"We're not the only people that've had to suffer. There've always been people that've had to... sometimes one race... sometimes another..."(Page 952, Online Text)
Anne says this to Peter during a conversation about religion. Peter is freaking out, and Peter claims that if he doesn't get out soon, then he will go completely crazy and lose his mind. This leads to Anne telling Peter that she wishes Peter had some sort of religion. Peter doesn't believe that a religion will help, and doesn't want to think of one because that will just make Peter angry. He is afraid because he feels helpless, all holed up in the Secret Annex, just waiting for the Nazis to come and take them away to a concentration camp. Anne tries to console Peter by talking about how this has happened to others, but this just makes Peter feel even worse. Anne says that things will return to good in time, even if it takes hundreds or thousands of years, but Peter is scared and wants things to change now. Peter does't look at things the way Anne does. Anne looks at everything as part of one big plan that will all turn out fine. Peter just thinks about the moment and what is happening around him, and how it affects him. Anne hopes that everything will be a part of a plan and end just fine, and she wants Peter to have that same hope for himself and his life.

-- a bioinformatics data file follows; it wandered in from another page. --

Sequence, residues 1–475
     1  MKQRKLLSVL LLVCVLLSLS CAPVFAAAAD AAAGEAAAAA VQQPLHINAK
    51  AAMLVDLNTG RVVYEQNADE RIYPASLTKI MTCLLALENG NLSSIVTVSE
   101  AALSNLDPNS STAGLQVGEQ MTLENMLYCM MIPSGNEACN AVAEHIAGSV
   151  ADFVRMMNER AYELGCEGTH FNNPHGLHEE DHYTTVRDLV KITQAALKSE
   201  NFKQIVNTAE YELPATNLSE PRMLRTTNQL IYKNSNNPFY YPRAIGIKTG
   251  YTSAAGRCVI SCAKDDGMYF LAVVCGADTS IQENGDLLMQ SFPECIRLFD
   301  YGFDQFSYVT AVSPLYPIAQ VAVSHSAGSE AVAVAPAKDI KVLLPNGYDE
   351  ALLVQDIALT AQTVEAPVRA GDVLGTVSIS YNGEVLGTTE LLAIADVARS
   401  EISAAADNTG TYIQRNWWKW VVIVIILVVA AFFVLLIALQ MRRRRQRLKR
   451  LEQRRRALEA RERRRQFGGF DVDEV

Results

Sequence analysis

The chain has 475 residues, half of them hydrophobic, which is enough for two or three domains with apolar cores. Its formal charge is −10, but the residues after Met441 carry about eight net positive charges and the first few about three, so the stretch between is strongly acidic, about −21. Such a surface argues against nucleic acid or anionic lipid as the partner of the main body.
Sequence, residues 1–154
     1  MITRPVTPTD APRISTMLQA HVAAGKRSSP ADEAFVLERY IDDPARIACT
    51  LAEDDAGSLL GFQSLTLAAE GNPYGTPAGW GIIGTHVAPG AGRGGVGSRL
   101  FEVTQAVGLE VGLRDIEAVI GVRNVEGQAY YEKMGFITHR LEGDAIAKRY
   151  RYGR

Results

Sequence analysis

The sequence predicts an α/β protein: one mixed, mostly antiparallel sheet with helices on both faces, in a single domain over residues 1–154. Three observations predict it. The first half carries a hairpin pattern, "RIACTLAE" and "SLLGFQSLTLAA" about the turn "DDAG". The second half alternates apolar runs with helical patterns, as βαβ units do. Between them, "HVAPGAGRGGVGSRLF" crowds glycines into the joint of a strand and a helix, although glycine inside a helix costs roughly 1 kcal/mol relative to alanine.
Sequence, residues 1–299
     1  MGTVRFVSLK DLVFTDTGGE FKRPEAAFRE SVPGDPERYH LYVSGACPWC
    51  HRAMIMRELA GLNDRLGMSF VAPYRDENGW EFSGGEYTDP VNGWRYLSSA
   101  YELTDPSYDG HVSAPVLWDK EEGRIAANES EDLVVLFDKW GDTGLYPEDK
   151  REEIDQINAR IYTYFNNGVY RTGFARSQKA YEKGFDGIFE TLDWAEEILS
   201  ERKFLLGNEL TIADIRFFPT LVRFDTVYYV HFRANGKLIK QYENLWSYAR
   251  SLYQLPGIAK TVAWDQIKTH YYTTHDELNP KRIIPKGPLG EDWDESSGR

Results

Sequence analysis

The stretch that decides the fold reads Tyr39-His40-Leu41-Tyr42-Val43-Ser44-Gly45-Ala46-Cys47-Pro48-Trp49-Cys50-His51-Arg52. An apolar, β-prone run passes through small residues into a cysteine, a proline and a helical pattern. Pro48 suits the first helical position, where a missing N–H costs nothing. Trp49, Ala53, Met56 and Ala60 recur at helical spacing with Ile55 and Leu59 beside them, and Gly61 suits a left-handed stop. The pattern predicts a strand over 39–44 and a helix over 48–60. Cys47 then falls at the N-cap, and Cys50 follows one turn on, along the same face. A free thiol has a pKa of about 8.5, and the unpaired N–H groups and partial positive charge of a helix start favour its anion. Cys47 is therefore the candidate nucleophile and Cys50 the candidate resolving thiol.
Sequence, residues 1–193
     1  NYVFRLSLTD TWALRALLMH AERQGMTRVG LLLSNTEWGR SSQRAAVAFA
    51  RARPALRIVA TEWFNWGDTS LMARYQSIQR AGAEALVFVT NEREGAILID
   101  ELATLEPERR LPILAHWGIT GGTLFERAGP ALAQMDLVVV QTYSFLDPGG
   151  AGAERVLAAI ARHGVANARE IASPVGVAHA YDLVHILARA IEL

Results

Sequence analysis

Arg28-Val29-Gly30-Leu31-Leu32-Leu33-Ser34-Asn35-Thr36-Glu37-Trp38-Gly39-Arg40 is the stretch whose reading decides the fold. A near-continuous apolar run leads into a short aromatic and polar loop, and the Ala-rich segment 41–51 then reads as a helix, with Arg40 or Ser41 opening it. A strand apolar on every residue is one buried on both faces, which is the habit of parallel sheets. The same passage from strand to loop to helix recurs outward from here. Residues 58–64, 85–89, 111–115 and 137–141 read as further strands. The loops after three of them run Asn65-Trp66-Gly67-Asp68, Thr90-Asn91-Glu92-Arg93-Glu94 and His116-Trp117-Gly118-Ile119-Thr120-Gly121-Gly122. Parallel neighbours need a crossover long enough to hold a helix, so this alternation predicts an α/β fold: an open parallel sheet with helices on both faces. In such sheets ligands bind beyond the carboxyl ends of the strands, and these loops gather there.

Goodrich, Frances, Albert Hackett, and Anne Frank. The Diary of Anne Frank. Prentice Hall Literature. Upper Saddle River, NJ: Pearson Education, 2012. 855– 956. Web. 11 March 2014.